Located in the northeastern region of Catalonia in Spain, Barcelona is a city known for its architecture. The city's architectural attractions pale in comparison to its food scene.
How to get there?
Barcelona has a large international airport close to the city and a regional airport for low-cost carriers farther away from the city. The international airport is connected to the city by several roads and a shuttle bus that arrives at Catalonia square. If you are on a budget, book your hotel and flight in advance to avoid high prices.
Where to stay?
There are many accommodation options for those who want to visit this city. There are many youth hostels near the Sagrada Familia and the Gothic Quarter, near the city's famous bar and clubs. If you want a designer hotel out of the city center, stay at one of the many boutique hotels in the Eixample district.
What to visit?
The Sagrada Familia is the city's main symbol. This unfinished cathedral is known for its carved facades, each facade representing a scene, including Nativity facade, which was the first facade to be completed. The inside of the cathedral has bony columns and large murals. Climb up one of the two completed towers in order to enjoy views towards the city from the top.
Do not miss the chance to enjoy a walk around the Eixample district. In this neighbourhood you will find two other buildings designed by Gaudí. Casa Batlló used to be a private residence. This building is known for its sandstone facade decorated with colourful pieces of trencadis, traditional Catalonian mosaics. There are narrow windows and iron-wrought balconies in the shapes of skulls. Nearby is Casa Milá, a large building with a limestone, wavy facade. Guided tours are organized around part of the building and one of the patios. This building was built without any straight lines and has curved rooms. The top floor holds an exhibition space dedicated to the architect's designs. This space leads to the rooftops, which are decorated with chimneys resembling large stone statues. From here you can enjoy views towards the city center.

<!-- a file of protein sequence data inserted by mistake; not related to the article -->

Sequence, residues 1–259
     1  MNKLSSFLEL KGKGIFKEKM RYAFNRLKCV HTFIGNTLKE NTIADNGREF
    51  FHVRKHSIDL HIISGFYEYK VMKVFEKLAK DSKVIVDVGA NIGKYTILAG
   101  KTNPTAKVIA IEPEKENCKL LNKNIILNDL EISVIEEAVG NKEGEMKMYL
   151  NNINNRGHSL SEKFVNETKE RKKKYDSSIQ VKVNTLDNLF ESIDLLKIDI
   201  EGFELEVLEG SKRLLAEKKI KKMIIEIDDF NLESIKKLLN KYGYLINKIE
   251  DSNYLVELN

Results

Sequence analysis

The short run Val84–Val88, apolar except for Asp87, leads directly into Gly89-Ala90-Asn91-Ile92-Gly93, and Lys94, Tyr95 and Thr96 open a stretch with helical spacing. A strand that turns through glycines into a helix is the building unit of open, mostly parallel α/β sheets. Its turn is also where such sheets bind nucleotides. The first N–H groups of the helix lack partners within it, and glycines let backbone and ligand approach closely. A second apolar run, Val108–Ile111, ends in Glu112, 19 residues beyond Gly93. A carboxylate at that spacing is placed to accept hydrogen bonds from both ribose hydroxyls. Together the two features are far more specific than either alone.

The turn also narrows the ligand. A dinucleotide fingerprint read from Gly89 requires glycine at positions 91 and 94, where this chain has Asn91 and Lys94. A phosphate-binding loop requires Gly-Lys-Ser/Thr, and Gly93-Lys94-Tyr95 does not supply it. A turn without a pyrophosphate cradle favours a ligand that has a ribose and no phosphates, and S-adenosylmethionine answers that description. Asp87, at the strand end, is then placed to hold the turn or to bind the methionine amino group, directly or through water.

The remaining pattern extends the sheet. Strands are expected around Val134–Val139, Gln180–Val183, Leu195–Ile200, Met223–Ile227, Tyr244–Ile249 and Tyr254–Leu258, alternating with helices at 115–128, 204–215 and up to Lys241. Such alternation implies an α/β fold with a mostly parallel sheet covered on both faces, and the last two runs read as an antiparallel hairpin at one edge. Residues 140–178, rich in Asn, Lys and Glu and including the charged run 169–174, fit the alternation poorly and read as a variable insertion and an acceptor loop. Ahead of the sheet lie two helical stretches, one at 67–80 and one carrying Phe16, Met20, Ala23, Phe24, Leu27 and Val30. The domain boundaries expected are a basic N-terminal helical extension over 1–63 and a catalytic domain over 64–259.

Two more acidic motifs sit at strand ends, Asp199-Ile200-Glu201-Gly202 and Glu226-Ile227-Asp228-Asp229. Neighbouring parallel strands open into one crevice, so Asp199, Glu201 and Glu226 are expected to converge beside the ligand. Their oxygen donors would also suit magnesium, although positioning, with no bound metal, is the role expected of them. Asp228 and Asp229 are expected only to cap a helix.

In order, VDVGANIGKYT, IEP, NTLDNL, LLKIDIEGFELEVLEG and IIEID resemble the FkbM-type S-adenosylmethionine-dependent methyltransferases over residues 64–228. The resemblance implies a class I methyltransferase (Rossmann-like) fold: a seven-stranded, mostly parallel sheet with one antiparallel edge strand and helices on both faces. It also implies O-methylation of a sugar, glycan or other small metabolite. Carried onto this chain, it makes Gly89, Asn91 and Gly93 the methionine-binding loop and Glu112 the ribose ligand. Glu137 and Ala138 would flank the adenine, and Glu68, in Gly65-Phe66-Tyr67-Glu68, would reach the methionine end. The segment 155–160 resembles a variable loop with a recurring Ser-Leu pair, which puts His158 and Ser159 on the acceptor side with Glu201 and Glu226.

Where to eat?
You cannot travel to Barcelona and not taste its local cuisine. Most regional dishes are surf'n'turf dishes, with ingredients from the mountains and the sea. Try chicken with shrimps served in a thick sauce. Escalivada is another typical tapa dish, an aperitif from roasted eggplant, onion, pepper and tomato served on a potato slice and covered by an anchovy. Another typical dish are piquillo peppers stuffed with cod.
If you do not want to spend most of your budget on food, a more affordable and even more authentic option is to buy ingredients at one of the local markets. The most famous markets are the Sant Antoni and Boquería markets. Sant Antoni is located close to El Raval district, a very traditional area that has been transformed into a hip district, and Boquería is located off Las Ramblas, a set of main streets that connect the Catalonia square to the seaside. The markets are filled with stalls selling fresh fruit, seasonal vegetables, a selection of poultry, fish and meat. There are bright, fruity granizados icy drinks and many bakeries nearby.